Artist Profiles | Visual Arts

Meri DeCaria: Still Waters Run Deep

Meri DeCaria on the sculpture deck of Phillips Gallery, photo by Stephen Seko

Meri DeCaria’s art reflects her life — at times whimsical and colorful, other times thoughtful and controlled. People may know her as the professional, somewhat reserved director of Salt Lake’s Phillips Gallery, but beneath the formal surface her life is teeming with energy and vibrancy.

DeCaria grew up in Minnesota with three siblings. Her parents divorced when she was very young and the kids were raised by their dad. “He was a lawyer and a workaholic,” DeCaria says, “so we got to run wild.” When not working, however, her father exposed the kids to lots of culture — music, art, and bee keeping.


Poseidon’s Daughter, by Meri DeCaria, acrylic, 10″ x 10″

When DeCaria was a young teenager, she was also exposed to art, when her father married the author Mary Higgins Clark. DeCaria says Clark was the one who made her realize that someone could actually make a living as an artist.

DeCaria says she’s always had an eye for color and creativity, and it appears to have its roots in both the “nurture” and “nature sides of her life. In addition to being raised around art, DeCaria discovered the “nature” connection about five years ago. She and her sister were both adopted at birth. Since her sister had experienced a successful search for her birth mother, DeCaria decided to give it a try as well. When she found her birth mother and family, she discovered that art was in her genes for at least three previous generations. “I’ve got aunts, great aunts, and great, great grandfathers who were artists,” DeCaria says.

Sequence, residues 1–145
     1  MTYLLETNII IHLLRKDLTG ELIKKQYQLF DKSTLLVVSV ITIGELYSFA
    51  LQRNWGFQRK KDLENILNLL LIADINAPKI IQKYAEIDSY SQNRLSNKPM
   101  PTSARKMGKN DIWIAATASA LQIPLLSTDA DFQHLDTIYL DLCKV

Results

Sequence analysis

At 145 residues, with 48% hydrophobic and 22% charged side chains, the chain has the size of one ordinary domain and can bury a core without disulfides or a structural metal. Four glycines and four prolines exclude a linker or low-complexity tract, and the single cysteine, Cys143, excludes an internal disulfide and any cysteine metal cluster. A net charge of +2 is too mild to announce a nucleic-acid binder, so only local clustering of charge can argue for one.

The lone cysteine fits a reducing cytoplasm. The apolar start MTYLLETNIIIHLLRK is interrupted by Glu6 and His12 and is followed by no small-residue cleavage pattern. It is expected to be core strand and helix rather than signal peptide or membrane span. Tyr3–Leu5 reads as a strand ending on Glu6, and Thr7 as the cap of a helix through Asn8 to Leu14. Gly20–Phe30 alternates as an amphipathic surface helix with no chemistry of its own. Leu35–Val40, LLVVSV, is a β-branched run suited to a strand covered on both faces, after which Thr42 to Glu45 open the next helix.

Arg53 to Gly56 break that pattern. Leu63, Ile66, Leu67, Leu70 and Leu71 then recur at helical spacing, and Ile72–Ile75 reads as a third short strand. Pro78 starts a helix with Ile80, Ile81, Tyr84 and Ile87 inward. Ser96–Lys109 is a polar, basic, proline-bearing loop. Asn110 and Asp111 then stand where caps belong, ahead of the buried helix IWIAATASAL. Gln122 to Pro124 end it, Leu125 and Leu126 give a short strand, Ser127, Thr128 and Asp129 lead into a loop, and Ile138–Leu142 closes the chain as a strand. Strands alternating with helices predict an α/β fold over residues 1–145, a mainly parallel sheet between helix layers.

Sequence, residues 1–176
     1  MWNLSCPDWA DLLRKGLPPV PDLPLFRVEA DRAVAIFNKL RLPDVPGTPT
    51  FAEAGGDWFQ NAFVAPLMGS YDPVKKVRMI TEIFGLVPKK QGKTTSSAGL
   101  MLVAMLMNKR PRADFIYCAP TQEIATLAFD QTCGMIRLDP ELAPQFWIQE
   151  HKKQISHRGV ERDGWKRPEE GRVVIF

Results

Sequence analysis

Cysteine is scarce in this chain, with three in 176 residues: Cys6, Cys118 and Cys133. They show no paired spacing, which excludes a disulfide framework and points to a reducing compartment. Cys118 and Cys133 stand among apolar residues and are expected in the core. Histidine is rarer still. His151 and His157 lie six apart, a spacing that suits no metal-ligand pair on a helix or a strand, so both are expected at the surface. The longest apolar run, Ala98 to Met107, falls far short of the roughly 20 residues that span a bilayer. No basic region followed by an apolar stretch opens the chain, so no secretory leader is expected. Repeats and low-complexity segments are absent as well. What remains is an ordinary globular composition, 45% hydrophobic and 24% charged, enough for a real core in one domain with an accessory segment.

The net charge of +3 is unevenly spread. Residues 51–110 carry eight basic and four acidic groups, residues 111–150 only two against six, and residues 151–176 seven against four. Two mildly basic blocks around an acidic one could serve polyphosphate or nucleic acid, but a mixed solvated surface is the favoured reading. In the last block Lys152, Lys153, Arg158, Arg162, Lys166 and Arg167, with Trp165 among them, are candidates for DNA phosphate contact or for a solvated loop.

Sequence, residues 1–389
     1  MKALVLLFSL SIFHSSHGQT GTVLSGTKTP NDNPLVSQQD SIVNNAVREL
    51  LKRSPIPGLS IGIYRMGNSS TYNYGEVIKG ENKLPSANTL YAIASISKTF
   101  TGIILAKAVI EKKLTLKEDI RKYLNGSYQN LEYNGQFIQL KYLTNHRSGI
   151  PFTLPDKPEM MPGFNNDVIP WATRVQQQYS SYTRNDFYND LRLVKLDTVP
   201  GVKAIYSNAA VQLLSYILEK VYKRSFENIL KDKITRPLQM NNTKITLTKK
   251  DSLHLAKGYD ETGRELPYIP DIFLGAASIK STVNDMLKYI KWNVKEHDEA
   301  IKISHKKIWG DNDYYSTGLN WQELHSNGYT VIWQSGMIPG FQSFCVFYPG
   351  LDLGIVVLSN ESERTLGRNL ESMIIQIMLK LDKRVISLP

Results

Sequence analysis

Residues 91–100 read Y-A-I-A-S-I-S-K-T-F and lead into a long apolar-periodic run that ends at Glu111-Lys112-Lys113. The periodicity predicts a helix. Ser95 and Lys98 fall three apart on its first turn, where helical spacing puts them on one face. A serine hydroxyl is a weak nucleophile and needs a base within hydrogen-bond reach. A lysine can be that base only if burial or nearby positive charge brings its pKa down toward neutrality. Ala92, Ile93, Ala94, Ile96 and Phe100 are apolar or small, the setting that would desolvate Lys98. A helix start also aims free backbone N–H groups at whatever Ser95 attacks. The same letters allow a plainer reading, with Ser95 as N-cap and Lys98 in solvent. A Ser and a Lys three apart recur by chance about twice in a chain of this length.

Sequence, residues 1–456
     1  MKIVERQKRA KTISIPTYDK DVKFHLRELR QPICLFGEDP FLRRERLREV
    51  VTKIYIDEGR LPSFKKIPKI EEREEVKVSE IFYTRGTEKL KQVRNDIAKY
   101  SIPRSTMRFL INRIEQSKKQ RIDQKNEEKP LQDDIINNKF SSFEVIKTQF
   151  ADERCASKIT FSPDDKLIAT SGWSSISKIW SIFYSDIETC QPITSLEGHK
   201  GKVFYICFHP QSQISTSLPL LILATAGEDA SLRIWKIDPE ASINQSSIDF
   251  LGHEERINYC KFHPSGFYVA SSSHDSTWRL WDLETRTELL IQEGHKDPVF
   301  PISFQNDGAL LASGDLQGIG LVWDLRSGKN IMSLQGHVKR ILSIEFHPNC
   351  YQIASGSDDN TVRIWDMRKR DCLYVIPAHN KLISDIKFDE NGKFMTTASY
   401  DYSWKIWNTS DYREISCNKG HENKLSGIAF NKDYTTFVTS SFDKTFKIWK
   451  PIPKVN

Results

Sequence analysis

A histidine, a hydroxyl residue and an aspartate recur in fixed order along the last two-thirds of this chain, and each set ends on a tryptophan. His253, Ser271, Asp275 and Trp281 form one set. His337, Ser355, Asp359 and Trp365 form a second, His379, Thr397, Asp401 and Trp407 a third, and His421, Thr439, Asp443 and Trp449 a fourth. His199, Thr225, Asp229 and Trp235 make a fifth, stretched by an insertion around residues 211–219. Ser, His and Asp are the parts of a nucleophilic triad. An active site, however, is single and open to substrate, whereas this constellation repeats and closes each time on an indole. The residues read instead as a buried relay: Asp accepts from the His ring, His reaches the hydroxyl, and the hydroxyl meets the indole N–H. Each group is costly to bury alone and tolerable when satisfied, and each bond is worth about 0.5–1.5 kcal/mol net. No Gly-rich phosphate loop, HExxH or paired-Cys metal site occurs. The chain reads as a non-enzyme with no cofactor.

Sweet Tooth by Meri DeCaria, acrylic, 23.5 x 10

Because she always loved art classes in school, DeCaria went to college at Pratt Institute in Brooklyn, New York. She had become interested in the fashion industry through a course in high school. “My family lived in New Jersey at the time,” she says, “so taking the train into Grand Central Station once a week was exciting. I experienced independence and got a taste of what it meant to be involved in the fashion business.”

DeCaria continued to pursue her interest in fashion merchandising at the Philadelphia Art Institute. “I wanted to be a buyer,” she says, “but discovered that you have to be really good at numbers, and most buyers end up going to New Jersey to buy men’s socks. Only the really top buyers get to go to Paris, which is what I wanted to do.” She acknowledges, however, that the Art Institute was where she acquired the skills to be a good sales person and shop manager.


Her disillusionment with fashion merchandising led DeCaria to The American College in London where she received her BFA. She studied color theory and design and took painting as an elective. “That’s where I discovered I wanted to be a painter,” DeCaria says. “I painted and painted late into the night.”

London opened DeCaria’s world not only to art but to travel. The city was “life changing,” she says. “I was there for two years and never tired of exploring the maze of streets. I saw tons of incredible art shows at the various museums. I also got to make trips to Paris, Copenhagen, Switzerland, Ibiza, Greece, Madrid and Barcelona.”

Gyra, Tower by Meri DeCaria, acrylic, 20 x 6.5

After London, DeCaria moved back to Minnesota to help her father run his campaign for a US Congressional seat. “It was my first job out of college,” she says, “and I was the volunteer coordinator.” She also dabbled in the art field by working in galleries, but the siren call of the West arrived in the form of a boyfriend who was a wrangler. “I went West, young woman, to Togwotee Mountain Lodge in Jackson Hole, where I ran the front desk.” She laughs and says, “I really got into the Western lifestyle. I bought cowboy boots, a belt, ate good food and went Western dancing.” She didn’t get much painting done, though. “I lived in the dorms,” she says, “and every time I thought I would paint or read the newspaper, someone across the hall would say, ‘Wanna have a beer?’ I had a whole stack of New York Times that never got read.”

In between the front desk, pack trips with her boyfriend and partying, DeCaria says she moved closer to the art world again by working at the Grand Teton Music Festival. “My dad took us to symphonies when I was a kid,” she says, “so it was great to work at the Festival. I got to go to all the concerts.”